1820 ENGLISH POETRY 1579-1830: SPENSER AND THE TRADITION

Bryan Waller Procter

Thomas Love Peacock to Percy Bysshe Shelley, 4 December 1820; T. L. Peacock, ed. Richard Garnett (1910) 90.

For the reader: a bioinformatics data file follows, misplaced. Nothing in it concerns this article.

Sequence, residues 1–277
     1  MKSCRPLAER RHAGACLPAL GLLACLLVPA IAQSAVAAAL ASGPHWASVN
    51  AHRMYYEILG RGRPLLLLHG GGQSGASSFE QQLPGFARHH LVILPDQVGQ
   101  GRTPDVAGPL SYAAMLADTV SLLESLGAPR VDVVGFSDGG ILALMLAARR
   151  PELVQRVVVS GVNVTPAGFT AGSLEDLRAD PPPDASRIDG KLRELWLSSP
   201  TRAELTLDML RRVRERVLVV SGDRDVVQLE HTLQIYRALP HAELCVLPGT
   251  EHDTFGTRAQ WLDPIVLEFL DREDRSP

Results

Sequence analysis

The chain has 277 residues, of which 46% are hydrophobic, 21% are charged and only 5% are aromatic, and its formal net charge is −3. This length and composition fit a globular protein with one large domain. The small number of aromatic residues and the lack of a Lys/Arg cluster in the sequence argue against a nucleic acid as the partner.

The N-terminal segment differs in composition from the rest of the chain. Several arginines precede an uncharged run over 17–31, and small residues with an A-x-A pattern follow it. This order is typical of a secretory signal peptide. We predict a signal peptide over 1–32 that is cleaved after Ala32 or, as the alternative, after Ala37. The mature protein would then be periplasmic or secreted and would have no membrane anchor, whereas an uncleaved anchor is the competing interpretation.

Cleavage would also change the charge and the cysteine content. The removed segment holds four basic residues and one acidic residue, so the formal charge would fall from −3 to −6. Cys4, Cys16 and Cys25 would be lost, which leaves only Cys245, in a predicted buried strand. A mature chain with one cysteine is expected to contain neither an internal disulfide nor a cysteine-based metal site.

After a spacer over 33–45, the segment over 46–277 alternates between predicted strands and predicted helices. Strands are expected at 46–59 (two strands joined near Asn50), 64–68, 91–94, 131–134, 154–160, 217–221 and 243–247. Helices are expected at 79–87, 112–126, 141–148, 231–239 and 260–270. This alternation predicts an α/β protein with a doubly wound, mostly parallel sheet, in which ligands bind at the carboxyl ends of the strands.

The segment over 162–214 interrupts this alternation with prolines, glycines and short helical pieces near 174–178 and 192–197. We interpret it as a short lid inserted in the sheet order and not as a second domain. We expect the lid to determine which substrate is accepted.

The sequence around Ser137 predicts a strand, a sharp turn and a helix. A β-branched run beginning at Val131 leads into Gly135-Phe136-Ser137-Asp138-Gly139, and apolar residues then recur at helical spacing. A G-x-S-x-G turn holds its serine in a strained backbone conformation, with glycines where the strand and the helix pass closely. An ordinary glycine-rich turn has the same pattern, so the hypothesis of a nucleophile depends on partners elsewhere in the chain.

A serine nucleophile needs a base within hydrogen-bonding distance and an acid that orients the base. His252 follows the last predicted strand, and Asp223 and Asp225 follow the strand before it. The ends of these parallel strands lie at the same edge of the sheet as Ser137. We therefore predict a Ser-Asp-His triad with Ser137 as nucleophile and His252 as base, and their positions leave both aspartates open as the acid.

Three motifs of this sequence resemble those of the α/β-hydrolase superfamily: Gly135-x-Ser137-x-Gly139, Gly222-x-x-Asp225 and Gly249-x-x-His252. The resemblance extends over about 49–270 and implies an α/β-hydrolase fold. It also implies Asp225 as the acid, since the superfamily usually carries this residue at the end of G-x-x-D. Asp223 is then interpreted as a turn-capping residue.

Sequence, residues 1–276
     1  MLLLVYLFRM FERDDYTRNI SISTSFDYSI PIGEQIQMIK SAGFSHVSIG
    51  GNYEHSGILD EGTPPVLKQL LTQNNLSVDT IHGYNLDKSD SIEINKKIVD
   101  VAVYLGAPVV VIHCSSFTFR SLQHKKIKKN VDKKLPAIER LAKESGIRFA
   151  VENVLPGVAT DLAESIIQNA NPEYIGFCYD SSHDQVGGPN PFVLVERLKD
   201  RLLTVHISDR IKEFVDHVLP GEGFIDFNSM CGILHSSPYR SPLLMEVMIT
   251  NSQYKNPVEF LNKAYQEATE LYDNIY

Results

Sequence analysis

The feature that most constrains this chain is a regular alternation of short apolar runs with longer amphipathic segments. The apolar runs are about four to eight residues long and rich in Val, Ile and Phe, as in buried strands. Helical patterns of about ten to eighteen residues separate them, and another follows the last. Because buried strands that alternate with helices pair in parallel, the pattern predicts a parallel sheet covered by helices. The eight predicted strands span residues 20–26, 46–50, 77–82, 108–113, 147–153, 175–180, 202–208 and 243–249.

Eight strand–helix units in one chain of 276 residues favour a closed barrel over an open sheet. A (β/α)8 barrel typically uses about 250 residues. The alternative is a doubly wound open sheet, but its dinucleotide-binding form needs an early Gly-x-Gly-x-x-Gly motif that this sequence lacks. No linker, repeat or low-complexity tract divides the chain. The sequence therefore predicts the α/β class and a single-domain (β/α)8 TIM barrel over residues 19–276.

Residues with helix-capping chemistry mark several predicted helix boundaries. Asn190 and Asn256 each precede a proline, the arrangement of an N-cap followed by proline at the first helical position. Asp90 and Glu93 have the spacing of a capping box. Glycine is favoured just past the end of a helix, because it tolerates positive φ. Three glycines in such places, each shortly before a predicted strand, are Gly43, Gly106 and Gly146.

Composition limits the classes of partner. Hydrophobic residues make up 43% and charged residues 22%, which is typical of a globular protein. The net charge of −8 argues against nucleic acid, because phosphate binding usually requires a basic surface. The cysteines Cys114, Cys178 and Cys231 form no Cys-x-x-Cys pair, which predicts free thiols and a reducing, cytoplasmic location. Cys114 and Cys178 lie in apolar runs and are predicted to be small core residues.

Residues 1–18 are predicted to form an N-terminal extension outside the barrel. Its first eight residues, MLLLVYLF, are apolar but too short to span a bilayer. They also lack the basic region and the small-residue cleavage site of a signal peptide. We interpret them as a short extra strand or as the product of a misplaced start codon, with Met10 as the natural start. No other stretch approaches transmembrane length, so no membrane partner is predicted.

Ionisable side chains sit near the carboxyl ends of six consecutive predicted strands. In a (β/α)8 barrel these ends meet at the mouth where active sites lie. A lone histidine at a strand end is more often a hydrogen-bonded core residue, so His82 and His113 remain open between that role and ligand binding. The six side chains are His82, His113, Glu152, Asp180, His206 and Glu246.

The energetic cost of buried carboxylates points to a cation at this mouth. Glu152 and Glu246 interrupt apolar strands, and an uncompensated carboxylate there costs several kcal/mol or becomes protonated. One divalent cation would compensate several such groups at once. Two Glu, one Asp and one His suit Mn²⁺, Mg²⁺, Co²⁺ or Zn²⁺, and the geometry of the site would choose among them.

Considering poetical reputation as a prize to be obtained by a certain species of exertion, and that the sort of thing which obtained this prize is the drivelling doggerel published under the name of "Barry Cornwall," I think but one conclusion possible — that to a rational ambition poetical reputation is not only not to be desired, but most earnestly to be depreciated. The truth, I am convinced, is, that there is no longer a poetical audience among the higher class of minds; that moral, political, and physical science have entirely withdrawn from poetry the attention of all whose attention is worth having; and that the poetical reading public, being composed of the mere dregs of the intellectual community, the most sufficing passport to their favor must rest on the mixture of a little easily-intelligible portion of mawkish sentiment, with an absolute negation of reason and knowledge. These I take to be the prime and sole elements of Mr. Barry Cornwall's "Madrigals."